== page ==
Hello, my name is Jeff. I have been doomed to carry a name in common with a famous guitar player of the 60’s and 70’s. I am mostly a lurker on this BBS, having only posted a handful of times since I started visiting back in 1999. I am 33. I have been married for seven years to an amazing woman that is currently in her medical residency after having ditched her former, very successful, career as a TV journalist in Japan. We have a daughter, Sayo, who is two. We reside in Columbia, MD.
I am currently employed in the defense industry writing manuals and creating curricula for the operation of certain weapon systems. I was formerly employed as a public high school English teacher, which I left after five years of toiling against a miserable system that claims to put the welfare of children first (funny that I should end up in the defense industry). I am very bitter about this, considering that I always listed “teacher” as my second career choice. What was my first? Husband/father, which always made my teachers roll their eyes when I had to write those, “What do you want to be when you grow up?” essays from grade school.
I am an avid reader and devour just about any written material I can get my hands on. I collect rare and first edition books, religious and philosophy texts, pulp science fiction novels, and comic books. I love music of all varieties, although I would say my tastes reside more in the “classic” punk and experimental genres. I am also quite passionate about collecting and watching films, following the catalogs of various producers and directors.
I am originally from a small town outside Buffalo, NY called East Aurora. For those of you familiar with the Arts and Crafts movement of the early 20th century this was the location of the famous commune started by Elbert Hubbard called The Roycroft. It is also the birthplace of Fisher Price Toys (the town refers to itself as “Toy Town, USA”). I was raised in a small, extended family by my parents and grandparents (who lived in the carriage house on our property) in the same home my father was raised in. I have one older brother who in many ways is my diametric opposite, although I love him to death. My mother is an immigrant from Germany so we often engaged in traditions and ate food that many of the small town folks I grew up with thought were pretty bizarre.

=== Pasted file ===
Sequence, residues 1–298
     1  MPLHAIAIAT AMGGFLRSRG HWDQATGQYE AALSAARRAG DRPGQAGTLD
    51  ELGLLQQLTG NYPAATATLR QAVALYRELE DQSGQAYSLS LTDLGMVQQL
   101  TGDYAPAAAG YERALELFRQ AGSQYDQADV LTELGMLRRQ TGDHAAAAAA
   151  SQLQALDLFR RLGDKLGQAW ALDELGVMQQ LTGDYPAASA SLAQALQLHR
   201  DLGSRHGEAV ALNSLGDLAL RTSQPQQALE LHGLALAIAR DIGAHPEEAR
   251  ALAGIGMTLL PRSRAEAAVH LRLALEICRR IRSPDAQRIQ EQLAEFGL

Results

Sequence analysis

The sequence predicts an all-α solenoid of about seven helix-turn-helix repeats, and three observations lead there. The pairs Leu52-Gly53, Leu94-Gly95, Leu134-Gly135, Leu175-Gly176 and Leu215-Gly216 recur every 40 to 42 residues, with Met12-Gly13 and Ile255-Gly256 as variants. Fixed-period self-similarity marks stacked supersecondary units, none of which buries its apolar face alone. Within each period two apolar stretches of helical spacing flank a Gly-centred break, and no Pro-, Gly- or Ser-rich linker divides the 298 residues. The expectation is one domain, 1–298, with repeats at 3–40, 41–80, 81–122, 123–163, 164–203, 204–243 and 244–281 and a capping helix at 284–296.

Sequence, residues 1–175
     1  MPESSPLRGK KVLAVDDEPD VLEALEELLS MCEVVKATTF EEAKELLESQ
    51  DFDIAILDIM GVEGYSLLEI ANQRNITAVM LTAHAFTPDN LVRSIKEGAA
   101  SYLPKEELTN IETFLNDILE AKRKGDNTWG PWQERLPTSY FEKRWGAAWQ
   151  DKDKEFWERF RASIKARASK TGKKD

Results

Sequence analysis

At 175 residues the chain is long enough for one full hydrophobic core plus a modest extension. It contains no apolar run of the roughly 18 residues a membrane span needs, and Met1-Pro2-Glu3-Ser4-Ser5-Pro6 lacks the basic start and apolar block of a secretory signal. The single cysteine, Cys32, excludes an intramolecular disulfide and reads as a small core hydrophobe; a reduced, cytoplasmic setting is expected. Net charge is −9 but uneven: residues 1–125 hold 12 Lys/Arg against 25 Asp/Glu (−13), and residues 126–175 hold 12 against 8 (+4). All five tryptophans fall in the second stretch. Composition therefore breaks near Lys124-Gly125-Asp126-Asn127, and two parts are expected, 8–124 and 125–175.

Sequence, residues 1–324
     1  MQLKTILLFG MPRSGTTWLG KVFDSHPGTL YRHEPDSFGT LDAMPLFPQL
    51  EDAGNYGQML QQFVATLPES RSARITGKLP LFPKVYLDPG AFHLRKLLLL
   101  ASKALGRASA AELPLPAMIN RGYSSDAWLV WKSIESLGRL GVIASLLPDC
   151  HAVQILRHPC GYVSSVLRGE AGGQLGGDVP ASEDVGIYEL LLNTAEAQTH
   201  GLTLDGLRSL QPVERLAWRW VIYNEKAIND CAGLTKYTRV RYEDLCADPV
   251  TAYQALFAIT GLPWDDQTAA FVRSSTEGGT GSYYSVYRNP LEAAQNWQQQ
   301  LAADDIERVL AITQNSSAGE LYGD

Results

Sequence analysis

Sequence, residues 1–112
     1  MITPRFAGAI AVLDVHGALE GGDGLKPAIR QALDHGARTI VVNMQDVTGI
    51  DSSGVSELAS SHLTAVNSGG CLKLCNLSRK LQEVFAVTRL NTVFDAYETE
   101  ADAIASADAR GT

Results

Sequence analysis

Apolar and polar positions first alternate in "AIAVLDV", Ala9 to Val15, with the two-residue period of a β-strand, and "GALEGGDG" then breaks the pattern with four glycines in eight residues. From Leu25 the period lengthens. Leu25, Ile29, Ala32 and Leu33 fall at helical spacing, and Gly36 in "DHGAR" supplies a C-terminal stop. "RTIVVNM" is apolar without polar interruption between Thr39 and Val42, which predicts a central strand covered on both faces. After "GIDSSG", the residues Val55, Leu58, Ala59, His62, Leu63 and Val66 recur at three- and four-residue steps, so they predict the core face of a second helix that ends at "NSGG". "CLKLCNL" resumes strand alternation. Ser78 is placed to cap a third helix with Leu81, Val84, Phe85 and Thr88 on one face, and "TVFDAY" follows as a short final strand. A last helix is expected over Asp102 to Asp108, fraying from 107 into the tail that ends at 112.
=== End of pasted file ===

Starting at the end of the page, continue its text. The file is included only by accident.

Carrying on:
Now my reason for being here (as on this BBS, not the question of the ages) -
I was a very sickly child growing up and spent a lot of time in bed, which was directly responsible for my love of literature, Sci-fi, and Trek in particular. One of my earliest memories is puking into an old pot that I carried around when I was sick while trying not to miss a minute of The Trouble with Tribbles, which I was viewing for the first time. I was hooked before I even had a chance to protest. While my most of my cohorts at school talked about peewee hockey or football, I was trying to start a conversation about an episode of the Twilight Zone or how Captain Kirk dealt with Kor. You get the picture. It was like being the boy named Sue.
Unfortunately, this was to be the way of my childhood through teenage years – but that’s ok, I’m not bitter at all. Oh no, not at all, “Because I am smart enough, good looking enough, and darn it, people like me . . . “
Now my reason for being here in the Science and Technology area –
I have been interested in science for as long as I can remember, particularly cosmology and evolutionary biology. I think this interest really blossomed when Cosmos was first aired in the late seventies on PBS. From this interest my interests in other areas of science grew as well and, strangely enough, also fed my love of history and comparative religion (it may seem like a weird combination, but it is amazing how it is all connected).
I have enjoyed many of the threads that were up when this area was still a part of the Trek Tech area and I look forward to more lively and stimulating discussions.
Ok, see? This is why I do not post with any frequency. I have a tendency to ramble and be long winded. Sorry.
I found this strangely therapeutic. Many thanks for reading my blurb.